Dozens of media outlets collect their best of the best.

You’ll find links to the best of those below.

Enjoy!

Time’s Best Photographs Of 2017

New York Times The Year In Photographs 2017

The World Press Photo Contest Winners 2017

CNN’s The World’s Best Travel Photos 2017

Bloomberg’s 100 Best Photographs Of 2017

Reuter’s Pictures Of The Year 2017

Reuter’s Best Business Photographs Of 2017

Visual Culture’s Most Powerful Moments of Journalism 2017

Sports Illustrated’s Best Photos Of 2017

National Geographic’s Best Photographs Of 2017

The Guardian’s Best Of Wildlife Photography Awards 2017

Audubon’s Photography Awards 2017

CBS Comedy Wildlife Photography Awards 2017

Nature’s Best Science Images Of 2017

Space’s Most Amazing Space Photographs Of 2017

Popular Science’s Best Picture’s Of The Solar Eclipse 2017

The Huffington Post’s Best iPhone Photographs Of 2017

My Modern Met’s Best Photographs Of 2017

Lens Culture’s 75 Experts Name the Top Photo Books of 2017

Sign up for my newsletter Insights for more digests like this.

To celebrate Earth Day, Time highlights 3 ways to make a difference everyday.

Speak Up, Eat Less Red Meat, Stop Home Leaks. (Read it here.)

Find more ideas with my Green Actions.

Support these environmental organizations.

Interesting statistics – visualized in a fun way.

Great question at the end.

See and learn more about these awesome timelapse videos here.

“Spacecraft and telescopes are not built by people interested in what’s going on at home. Rockets fly in one direction: up. Telescopes point in one direction: out. Of all the cosmic bodies studied in the long history of astronomy and space travel, the one that got the least attention was the one that ought to matter most to us—Earth.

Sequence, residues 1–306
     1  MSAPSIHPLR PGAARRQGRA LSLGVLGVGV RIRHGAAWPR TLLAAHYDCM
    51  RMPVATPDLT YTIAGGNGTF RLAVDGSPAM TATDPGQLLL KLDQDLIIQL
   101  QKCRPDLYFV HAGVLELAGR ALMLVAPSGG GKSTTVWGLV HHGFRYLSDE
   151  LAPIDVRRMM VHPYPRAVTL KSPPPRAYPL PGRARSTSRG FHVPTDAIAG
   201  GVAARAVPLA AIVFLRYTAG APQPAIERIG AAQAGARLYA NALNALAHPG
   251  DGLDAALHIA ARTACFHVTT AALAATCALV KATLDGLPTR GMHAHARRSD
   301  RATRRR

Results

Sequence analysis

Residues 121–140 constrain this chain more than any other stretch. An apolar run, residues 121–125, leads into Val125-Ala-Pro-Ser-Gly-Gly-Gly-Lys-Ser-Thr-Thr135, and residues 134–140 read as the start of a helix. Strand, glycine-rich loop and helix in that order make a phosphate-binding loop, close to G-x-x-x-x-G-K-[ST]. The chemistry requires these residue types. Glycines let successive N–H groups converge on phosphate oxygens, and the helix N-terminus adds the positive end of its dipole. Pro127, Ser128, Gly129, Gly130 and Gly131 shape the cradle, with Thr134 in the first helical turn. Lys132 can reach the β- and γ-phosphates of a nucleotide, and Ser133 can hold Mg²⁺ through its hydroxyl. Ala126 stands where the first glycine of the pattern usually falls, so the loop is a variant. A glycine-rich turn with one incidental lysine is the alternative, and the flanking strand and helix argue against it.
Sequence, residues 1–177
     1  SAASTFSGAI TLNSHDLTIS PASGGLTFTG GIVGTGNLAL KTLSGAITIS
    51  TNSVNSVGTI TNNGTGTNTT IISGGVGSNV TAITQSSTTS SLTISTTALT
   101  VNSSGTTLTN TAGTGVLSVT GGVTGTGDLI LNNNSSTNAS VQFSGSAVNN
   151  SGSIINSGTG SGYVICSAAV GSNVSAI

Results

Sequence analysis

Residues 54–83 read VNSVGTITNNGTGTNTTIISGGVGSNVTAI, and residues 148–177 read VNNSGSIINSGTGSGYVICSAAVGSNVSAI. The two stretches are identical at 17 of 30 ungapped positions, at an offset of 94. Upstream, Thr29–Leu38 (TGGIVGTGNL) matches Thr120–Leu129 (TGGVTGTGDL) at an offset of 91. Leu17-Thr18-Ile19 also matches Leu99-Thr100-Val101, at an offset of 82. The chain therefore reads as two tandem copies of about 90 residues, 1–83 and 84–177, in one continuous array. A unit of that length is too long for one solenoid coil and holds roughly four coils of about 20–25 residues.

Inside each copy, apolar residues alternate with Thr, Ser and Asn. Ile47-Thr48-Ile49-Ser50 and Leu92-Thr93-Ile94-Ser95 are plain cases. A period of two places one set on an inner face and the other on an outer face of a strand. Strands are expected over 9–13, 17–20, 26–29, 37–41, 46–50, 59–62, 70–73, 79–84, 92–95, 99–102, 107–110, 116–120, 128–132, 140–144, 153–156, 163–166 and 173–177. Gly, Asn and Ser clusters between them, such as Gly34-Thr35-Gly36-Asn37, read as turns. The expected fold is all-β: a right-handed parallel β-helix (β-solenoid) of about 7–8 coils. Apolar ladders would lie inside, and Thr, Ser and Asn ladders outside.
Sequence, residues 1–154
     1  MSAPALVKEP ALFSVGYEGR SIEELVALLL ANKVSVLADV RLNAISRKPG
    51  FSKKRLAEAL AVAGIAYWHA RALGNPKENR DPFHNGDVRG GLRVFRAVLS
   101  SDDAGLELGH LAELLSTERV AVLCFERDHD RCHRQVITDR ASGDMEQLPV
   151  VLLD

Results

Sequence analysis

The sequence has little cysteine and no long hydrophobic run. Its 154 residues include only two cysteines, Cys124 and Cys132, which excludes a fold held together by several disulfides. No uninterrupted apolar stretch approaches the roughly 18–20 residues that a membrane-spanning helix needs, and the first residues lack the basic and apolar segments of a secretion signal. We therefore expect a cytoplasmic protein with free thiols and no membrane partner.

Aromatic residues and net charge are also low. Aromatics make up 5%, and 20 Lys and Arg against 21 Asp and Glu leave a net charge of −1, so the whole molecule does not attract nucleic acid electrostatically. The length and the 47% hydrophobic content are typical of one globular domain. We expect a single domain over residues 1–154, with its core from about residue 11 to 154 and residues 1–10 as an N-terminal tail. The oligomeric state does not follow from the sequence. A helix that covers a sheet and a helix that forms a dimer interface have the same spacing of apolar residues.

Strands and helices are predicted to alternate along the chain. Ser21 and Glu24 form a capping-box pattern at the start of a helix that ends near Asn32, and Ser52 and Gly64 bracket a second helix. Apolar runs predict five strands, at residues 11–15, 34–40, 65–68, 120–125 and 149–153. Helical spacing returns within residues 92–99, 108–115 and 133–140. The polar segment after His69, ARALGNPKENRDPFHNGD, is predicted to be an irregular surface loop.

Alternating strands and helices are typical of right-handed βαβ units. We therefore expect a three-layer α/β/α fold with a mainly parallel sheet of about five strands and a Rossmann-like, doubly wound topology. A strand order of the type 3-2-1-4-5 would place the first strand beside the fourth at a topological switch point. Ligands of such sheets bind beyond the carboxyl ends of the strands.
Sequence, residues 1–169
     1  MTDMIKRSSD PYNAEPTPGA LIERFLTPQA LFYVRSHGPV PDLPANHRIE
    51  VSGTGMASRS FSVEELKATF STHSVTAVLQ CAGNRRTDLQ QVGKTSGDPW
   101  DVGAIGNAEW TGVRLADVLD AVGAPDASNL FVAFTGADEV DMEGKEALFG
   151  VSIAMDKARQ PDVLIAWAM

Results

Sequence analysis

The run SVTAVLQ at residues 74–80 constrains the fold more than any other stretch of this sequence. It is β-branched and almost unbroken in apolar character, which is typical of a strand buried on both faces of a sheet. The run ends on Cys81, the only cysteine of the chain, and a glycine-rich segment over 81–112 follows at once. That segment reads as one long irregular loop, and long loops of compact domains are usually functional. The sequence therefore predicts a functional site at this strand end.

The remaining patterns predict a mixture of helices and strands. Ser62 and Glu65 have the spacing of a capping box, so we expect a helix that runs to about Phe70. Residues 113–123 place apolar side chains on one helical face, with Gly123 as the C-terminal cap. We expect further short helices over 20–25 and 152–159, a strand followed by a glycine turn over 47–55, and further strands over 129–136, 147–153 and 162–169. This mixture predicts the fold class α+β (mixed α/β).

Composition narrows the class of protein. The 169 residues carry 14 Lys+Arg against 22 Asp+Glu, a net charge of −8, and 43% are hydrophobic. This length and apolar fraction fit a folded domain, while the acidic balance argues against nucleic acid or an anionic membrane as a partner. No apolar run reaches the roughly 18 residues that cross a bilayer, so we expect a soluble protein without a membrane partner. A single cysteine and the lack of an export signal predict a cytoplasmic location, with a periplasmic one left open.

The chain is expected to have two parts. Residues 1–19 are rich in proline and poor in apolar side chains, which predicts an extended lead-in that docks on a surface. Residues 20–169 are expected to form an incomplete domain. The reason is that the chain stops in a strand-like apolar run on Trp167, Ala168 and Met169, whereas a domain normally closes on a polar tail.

That changed when NASA created the Landsat program, a series of satellites that would perpetually orbit our planet, looking not out but down. Surveillance spacecraft had done that before, of course, but they paid attention only to military or tactical sites. Landsat was a notable exception, built not for spycraft but for public monitoring of how the human species was altering the surface of the planet. Two generations, eight satellites and millions of pictures later, the space agency, along with the U.S. Geological Survey (USGS), has accumulated a stunning catalog of images that, when riffled through and stitched together, create a high-definition slide show of our rapidly changing Earth. TIME is proud to host the public unveiling of these images from orbit, which for the first time date all the way back to 1984.

It took the folks at Google to upgrade these choppy visual sequences from crude flip-book quality to true video footage. With the help of massive amounts of computer muscle, they have scrubbed away cloud cover, filled in missing pixels, digitally stitched puzzle-piece pictures together, until the growing, thriving, sometimes dying planet is revealed in all its dynamic churn. The images are striking not just because of their vast sweep of geography and time but also because of their staggering detail. Consider: a standard TV image uses about one-third of a million pixels per frame, while a high-definition image uses 2 million. The Landsat images, by contrast, weigh in at 1.8 trillion pixels per frame, the equivalent of 900,000 high-def TVs assembled into a single mosaic.

These Timelapse pictures tell the pretty and not-so-pretty story of a finite planet and how its residents are treating it — razing even as we build, destroying even as we preserve. It takes a certain amount of courage to look at the videos, but once you start, it’s impossible to look away.”


keep looking »